5. Play Tennis or Pickleball.  We have tennis courts at nine different park sites throughout the city.  Dedicated pickleball courts are also located at Danny Cunniff and Woodridge Parks. 
  6. Go for a Swim.  We offer opportunities to swim at both Rosewood Beach and the Hidden Creek AquaPark.
  7. Stand-up Paddle or Learn to Sail.  The North Shore Yacht Club provides opportunities to learn how to sail, paddle, or kayak on Lake Michigan.
  8. Take Your furry friend to the Park. Play “off-leash” with your dog at the Debbie Beitler Dog Park.
  9. Play a Game of Basketball.  Outdoor basketball courts are located at numerous park sites throughout the Park District. 
  10. Explore Nature.  The Heller Nature Center is a 97-acre preserve with more than three miles of trails to explore. 

As the weather gets cooler, finding activities for the entire family might be getting harder.  Check out these five fun activities to do at the Park District this weekend:

1. Walk Around The Preserve of Highland Park

Bundle up and take your pooch on-leash for a walk around The Preserve of Highland Park.  Temporary informational signs are posted throughout the park that detail the park’s new amenities.  And, check out the new turtle climbing playground!

Stay up to date on The Preserve of Highland Park project

2. Public Ice Skating is Back!

Meet friends and lace up your skates for public skating at Centennial Ice Arena.   Public skate is open  Saturdays between 11:25am-12:10pm.  If you have time during the weekday, take a public skate lunch break Mon, Tue, Thu, or Fri between 11am-1pm.  

If you have your own skates, it only costs $6 for children and $7 for adults.  Need skates?  Only pay $3 more.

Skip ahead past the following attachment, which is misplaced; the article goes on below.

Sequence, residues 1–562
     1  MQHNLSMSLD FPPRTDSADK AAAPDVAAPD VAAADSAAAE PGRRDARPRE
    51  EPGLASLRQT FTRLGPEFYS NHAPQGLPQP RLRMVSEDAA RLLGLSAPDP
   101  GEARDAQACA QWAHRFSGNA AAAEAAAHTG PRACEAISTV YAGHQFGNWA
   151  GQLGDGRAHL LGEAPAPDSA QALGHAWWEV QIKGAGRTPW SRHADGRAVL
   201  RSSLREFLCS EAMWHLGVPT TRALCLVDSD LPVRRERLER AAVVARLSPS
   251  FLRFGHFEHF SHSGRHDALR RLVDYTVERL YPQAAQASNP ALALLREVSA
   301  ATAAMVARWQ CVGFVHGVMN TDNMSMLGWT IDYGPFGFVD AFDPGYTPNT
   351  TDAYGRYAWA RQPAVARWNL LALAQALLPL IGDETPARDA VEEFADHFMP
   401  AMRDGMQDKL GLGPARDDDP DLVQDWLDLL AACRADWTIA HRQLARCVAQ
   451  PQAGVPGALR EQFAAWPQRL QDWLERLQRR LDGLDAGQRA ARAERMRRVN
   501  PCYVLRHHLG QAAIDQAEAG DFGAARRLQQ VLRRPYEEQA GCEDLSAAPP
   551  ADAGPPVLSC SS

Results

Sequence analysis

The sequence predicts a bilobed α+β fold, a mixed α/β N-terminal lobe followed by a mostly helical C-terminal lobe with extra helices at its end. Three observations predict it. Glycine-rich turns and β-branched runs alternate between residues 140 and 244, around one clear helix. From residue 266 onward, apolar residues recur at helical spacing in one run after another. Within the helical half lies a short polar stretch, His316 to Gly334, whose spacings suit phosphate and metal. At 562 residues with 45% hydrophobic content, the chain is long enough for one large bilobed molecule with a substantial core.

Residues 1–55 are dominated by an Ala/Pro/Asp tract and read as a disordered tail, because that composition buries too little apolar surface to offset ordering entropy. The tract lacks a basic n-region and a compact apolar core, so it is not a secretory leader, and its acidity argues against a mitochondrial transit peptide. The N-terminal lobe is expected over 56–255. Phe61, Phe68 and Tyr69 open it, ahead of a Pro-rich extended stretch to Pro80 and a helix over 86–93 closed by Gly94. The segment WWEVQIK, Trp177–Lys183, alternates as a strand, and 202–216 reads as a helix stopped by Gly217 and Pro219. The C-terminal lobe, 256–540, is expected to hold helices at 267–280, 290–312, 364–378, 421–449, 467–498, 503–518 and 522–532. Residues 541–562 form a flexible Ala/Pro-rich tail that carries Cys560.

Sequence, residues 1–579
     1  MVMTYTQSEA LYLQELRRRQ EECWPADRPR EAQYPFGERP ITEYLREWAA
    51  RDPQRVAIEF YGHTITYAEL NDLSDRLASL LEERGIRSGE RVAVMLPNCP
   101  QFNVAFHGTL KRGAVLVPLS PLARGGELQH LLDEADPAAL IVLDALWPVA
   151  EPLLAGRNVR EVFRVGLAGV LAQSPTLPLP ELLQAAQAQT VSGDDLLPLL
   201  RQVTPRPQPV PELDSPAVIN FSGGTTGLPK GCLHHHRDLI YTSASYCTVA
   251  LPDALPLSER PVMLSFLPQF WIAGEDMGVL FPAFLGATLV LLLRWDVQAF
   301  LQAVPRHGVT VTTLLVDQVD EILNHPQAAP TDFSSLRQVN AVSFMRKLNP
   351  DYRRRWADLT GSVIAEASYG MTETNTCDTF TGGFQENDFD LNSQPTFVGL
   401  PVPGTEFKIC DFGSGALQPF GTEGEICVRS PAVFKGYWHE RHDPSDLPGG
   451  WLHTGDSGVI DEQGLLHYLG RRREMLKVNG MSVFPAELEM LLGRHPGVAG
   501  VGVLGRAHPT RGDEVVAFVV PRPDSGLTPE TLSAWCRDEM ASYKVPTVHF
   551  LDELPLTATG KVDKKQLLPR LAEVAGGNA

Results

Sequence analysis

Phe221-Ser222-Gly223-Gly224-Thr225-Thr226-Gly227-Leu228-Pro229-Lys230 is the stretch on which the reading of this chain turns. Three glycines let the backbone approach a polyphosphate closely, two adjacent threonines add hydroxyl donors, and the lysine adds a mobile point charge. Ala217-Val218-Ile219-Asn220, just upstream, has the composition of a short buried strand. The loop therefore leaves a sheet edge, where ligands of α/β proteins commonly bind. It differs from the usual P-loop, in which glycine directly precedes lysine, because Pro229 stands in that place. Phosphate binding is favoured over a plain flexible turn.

Register for public skating online or in person

3. Get Your Sweat On

It’s time to get in shape before indulging in those holiday sweets, treats, and feasts!  Did you know, the Recreation Center of Highland Park offers All Access 7-Day Passes for only $20?  Passes include access to the fitness floor, Group Ex classes, and lap swimming.  

Purchase the All Access 7-Day Pass

4. Read & Play at Heller Nature Center

The whole family will enjoy Constance’s Story Trail at Heller Nature Center.  Just follow the walking trail while reading our featured story: The Rainbow Fish.  While you’re at it, discover nature and play at Wander Woods – a free play natural area designed to nurture a child’s sense of wonder and discovery.

More information on Heller Nature Center

5. Indoor Swimming at the Rec Center

Not ready to let go of summer?  Join us for a splash at our indoor open swim times on Saturdays and Sundays between 12:30-5:30pm.  It’s only $6/person for residents and $8/person for non-residents. 

Learn more about Open Swim

Membership to a dog park is a wonderful way for you and your dog to play and socialize freely in a safe environment with other dogs and owners. Debbie Gottlieb Beitler Dog Park at Larry Fink Memorial Park is Highland Park’s year-round dog park that features two off-leash exercise areas – one for big dogs and one for small dogs.  This park is available to registered dog park members. 

The decision to get a membership to a dog park requires careful consideration on your part to ensure you and your dog have a safe, healthy experience.

Membership is a Must to Enter

If you are considering taking your dog to a dog park, you must be prepared to become a member and keep your membership current.  Membership ensures that your dog and all the dogs in the park are fully immunized and have a current City of Highland Park rabies tag number.  Only current members are allowed into the dog park for everyone’s safety in the park.

Is Your Dog a Social Animal?

It is important to know how your dog acts and plays with other dogs and humans before committing to a dog park membership. If your dog tends to bully or intimidate other dogs or not interact well with other humans, a dog park membership is not a good choice.